Review: Eric Clapton’s 1970 Debut Expands In Size… and Price 

Eric Clapton
Eric Clapton Deluxe Edition
Music: 4 out of 5 stars
Package: 1 out of 5 stars

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Pity the poor sound mixing professionals.

They are often hidden in album credits, under the producer, musicians, and probably a few others. But without their expert input, an album can go from hero to zero. With large ensembles, the mix is absolutely integral to the final sound of the album. Just ask Eric Clapton.  

The guitarist’s debut solo set, after leaving the rubble of Blind Faith, started recording in November 1969 and continued through early 1970. It was then mixed not once, but three times. Two of those have been available for years. The third makes its first official appearance on this four-disc box, newly added to the others and seven extraneous tracks captured around the same time.

The backstory of Clapton’s first release is that he was so enamored with the Delaney & Bonnie group, a ragtag outfit that opened some Blind Faith shows, that he employed them to back him in the studio. Delaney Bramlett was hired to produce and arrange the sessions. He logically brought his own band, added Leon Russell and some others to total nine musicians (not including five backing singers), and co-wrote all but two selections. The resulting eleven tracks were not surprisingly so similar to the rocking, gospel-infused Memphis soul that Delaney & Bonnie were creating at the time that they should have gotten co-headlining credit. Clapton later enticed keyboardist Bobby Whitlock, drummer Jim Gordon, and bassist Carl Radle, who contributed to these songs, to become his Dominos unit.

Clapton seems a little tentative leading this rather expansive assemblage, but the songs are generally strong and the shift to a less Cream styled improvisational style foretold the start of his decades-long solo career. There is little of the Chicago blues he later incorporated into his catalog and only a few extended guitar solos. Rather, Clapton’s six-string work was integrated into the tightly-arranged tunes.  Interestingly the lone cover, JJ Cale’s heavily rearranged “After Midnight,” is the only selection that has remained in Clapton’s sets from the disc.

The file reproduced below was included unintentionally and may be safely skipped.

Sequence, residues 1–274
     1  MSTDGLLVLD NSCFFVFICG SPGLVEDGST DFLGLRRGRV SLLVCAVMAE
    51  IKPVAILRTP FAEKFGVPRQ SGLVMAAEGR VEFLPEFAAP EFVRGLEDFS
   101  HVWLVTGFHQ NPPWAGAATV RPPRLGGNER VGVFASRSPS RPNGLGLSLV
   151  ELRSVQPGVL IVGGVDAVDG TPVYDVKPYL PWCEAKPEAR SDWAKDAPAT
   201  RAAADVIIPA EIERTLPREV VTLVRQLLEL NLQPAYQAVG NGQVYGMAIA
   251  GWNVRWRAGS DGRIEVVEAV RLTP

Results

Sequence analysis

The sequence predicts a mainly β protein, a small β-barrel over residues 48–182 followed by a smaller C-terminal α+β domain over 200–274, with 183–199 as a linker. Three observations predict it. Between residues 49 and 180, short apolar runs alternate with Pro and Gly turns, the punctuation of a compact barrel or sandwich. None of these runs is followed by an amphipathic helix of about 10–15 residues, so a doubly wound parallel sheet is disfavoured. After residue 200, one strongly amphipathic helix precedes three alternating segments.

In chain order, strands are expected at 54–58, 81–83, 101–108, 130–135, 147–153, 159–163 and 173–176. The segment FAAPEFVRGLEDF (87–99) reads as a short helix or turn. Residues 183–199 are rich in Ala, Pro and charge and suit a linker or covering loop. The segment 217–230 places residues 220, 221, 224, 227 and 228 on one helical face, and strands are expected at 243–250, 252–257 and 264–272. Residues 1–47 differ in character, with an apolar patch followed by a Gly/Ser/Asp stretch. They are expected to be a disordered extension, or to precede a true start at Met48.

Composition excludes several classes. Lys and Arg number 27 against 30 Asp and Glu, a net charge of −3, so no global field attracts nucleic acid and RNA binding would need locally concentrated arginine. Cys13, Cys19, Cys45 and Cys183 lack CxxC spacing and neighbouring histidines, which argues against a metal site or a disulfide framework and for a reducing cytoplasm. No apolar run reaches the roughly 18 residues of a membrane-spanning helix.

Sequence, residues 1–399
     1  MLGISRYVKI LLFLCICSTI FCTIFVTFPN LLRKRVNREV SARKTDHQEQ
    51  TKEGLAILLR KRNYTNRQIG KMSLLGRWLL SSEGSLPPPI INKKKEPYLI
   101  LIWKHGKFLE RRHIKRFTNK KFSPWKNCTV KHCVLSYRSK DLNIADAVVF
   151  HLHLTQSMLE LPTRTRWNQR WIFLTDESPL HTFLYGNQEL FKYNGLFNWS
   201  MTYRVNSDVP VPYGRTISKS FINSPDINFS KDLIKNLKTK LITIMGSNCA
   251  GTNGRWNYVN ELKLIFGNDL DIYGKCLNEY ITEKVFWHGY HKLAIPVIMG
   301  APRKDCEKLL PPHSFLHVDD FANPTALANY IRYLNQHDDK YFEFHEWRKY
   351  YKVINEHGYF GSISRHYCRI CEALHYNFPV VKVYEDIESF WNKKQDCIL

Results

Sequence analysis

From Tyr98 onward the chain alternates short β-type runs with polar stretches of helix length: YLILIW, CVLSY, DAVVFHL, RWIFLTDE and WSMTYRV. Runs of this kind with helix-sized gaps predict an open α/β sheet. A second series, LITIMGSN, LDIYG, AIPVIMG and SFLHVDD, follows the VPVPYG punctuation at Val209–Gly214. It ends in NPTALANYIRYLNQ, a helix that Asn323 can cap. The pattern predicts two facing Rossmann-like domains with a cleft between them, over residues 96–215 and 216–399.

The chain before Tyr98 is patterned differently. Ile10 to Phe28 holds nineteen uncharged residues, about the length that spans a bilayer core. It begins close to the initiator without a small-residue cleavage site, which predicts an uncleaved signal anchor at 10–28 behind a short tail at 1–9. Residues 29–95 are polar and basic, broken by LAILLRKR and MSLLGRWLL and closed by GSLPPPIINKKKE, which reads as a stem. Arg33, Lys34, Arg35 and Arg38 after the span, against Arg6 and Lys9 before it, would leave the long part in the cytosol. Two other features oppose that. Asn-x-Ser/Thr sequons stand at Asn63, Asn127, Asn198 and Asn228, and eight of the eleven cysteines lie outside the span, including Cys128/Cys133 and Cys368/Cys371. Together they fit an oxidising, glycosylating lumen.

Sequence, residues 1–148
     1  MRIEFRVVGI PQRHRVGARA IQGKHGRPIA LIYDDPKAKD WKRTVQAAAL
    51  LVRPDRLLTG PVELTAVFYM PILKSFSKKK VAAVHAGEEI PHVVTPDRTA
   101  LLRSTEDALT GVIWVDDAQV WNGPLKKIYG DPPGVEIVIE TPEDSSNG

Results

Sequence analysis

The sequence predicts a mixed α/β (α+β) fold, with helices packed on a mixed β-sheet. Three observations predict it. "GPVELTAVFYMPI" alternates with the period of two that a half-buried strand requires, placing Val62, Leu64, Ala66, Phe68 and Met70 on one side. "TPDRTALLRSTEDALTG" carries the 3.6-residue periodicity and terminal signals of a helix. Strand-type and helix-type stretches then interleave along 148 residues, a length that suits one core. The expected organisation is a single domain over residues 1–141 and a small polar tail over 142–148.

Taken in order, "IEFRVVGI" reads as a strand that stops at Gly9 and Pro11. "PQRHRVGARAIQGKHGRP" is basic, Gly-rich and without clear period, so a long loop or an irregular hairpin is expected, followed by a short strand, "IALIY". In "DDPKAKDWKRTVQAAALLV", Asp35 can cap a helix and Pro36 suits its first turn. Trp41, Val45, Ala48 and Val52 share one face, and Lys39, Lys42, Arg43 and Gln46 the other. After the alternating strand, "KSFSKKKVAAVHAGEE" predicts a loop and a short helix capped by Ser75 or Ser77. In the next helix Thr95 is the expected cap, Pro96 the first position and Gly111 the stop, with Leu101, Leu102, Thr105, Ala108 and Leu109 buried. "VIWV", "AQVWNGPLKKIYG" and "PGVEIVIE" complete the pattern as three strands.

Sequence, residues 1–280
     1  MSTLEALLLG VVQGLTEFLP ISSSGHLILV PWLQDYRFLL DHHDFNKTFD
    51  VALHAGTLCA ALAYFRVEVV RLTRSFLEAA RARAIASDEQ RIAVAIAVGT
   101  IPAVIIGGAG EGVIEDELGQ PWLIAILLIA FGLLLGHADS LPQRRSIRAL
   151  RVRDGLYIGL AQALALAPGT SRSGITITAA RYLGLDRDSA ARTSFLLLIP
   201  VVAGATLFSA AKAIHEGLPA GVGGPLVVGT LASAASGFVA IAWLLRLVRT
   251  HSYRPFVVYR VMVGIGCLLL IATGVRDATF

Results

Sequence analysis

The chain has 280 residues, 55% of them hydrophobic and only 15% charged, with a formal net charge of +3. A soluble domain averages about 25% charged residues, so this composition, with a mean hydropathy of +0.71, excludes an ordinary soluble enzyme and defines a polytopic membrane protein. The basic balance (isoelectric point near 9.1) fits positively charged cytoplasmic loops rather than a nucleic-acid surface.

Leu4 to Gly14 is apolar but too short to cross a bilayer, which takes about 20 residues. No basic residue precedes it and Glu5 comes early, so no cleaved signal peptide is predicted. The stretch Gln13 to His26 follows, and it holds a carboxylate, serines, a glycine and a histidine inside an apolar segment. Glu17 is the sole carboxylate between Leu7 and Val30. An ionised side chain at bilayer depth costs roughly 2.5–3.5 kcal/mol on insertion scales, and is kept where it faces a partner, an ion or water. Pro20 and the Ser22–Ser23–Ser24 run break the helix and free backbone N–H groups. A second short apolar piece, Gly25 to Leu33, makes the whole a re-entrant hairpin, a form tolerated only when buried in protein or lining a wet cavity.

After the recording was completed, the story gets a little murky. Bramlett was hired to mix the results but was late in doing so. Atlantic Records wanted to get it on the market, so Clapton did his own mix. His try, which he is quoted as saying was done “very badly,” was dismissed by the company. They brought in Tom Dowd, who had worked with Blind Faith and Cream and his tapes became the final product. Clapton claims never to have heard Bramlett’s version, which is looser and less structured than Dowd’s and features horns more prominently until the album was already out.

In 2006, the album was reissued as a double CD. It included not only Dowd’s mix but added Bramlett’s long-forgotten one and seven additional songs—“Let It Rain” with different lyrics, 10 minutes of “Blues in A,” a few Delaney & Bonnie tracks with Clapton’s guitar, a King Curtis gem, etc.—with comprehensive liner notes by Scott Schinder.

This updated package segregates those extras onto disc 4, separating the other three mixes onto each of the three discs. The 2006 liners are replicated as are its photos. There are a few more pages of visual tidbits, but other than Clapton’s rejected and “very bad” stab, little else is new.

Oh, except for the higher price. Since the 2006 copy is easily available, there is little reason to spring for this.

Those who are experts in sound engineering might find Clapton’s discarded mix attempt worth a spin, but likely will balk at paying a premium to hear it.

Still, the album is worthwhile for those new to its enticing if low key charms. File under “ripoff.”    

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